Lee Daniels Thanks God for Spike Lee

Black Academy Awards Series: Precious filmmaker gets real on Django, Oscar nods and his fellow director.

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LD: Yeah, yeah! I got one in my repertoire coming; I got one coming. Yep, I'm developing something. It's not during slavery but right after slavery.

TR: For years there's been talk about blacks being excluded from the Oscars. You seem to have evaded that.

LD: It's not about the academy. It's about cinema being made so that it can be embraced by the academy, because when black people do their thing, we do our thing. And we'll be given accolades for it because when we're on, we're really on. We have to figure out how to get it on so that we can be recognized by the academy.

The hard part is getting cinema made ... Nothing is more powerful than an African-American actor at his best. Just like nothing's more powerful than watching an African-American singer or dancer or athlete. We are the stars of what we do when we're on.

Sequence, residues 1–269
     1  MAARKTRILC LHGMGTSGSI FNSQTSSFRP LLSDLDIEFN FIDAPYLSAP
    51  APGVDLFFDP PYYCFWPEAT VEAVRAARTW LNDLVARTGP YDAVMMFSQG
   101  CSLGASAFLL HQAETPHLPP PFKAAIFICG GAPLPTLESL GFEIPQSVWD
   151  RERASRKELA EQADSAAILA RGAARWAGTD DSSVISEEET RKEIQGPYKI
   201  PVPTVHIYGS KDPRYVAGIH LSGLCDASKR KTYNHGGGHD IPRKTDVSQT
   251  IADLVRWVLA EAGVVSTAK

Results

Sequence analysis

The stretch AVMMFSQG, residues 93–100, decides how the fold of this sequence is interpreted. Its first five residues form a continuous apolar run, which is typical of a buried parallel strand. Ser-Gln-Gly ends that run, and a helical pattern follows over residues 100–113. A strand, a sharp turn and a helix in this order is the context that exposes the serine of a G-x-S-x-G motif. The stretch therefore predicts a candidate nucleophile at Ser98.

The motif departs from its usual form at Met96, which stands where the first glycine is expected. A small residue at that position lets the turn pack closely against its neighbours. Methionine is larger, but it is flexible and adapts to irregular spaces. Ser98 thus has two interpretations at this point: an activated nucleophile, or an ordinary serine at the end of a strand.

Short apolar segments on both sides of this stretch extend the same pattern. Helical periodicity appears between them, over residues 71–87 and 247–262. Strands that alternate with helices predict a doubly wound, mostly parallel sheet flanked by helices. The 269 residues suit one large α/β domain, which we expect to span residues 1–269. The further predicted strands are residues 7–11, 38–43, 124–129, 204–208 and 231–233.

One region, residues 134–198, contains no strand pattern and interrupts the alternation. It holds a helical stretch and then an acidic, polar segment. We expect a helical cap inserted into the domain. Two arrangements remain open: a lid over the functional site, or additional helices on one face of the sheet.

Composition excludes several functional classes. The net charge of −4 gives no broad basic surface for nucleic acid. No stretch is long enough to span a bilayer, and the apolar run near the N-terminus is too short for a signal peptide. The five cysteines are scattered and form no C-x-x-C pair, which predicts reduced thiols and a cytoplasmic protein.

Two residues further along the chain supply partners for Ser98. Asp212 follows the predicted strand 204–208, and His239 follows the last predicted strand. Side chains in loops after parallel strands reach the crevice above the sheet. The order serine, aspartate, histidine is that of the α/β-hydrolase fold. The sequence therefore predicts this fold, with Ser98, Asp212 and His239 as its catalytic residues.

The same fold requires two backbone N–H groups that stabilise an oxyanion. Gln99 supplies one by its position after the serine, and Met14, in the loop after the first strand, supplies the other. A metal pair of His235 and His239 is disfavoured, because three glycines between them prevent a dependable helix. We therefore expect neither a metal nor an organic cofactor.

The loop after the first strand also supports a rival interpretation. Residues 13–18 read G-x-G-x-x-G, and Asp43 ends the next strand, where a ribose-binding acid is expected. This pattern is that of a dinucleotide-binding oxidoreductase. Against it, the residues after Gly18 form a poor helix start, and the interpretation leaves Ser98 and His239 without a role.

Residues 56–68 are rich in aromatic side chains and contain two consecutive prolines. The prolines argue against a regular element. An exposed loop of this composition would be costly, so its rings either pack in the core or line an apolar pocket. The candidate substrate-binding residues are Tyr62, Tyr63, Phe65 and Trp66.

TR: From your perspective, why is it such a struggle to get quality black movies made?

LD: My struggle is my own struggle in life, so I can't speak for everybody's struggle but, rather, mine. And my struggle has not been that difficult because I just don't take no [for an answer]. But I think that people give up -- we give up easily. We don't recognize the power that we have.

Let me be very honest: Nos have been coming in very less [often], if at all, now because I've got them so much in the past that I know how to dodge them, and I know exactly how to navigate and know what expectations to put on myself. And you know, mounting Precious was a difficult task. A lot of nos did come in for that film, and so now I just know what to do to avoid the nos.

Previously in the Black Academy Awards Series: Oscar Champ Sounds Off on Image Awards.

Aisha I. Jefferson is a frequent contributor to The Root. You can follow her on Twitter or visit her at aishaiman.com.

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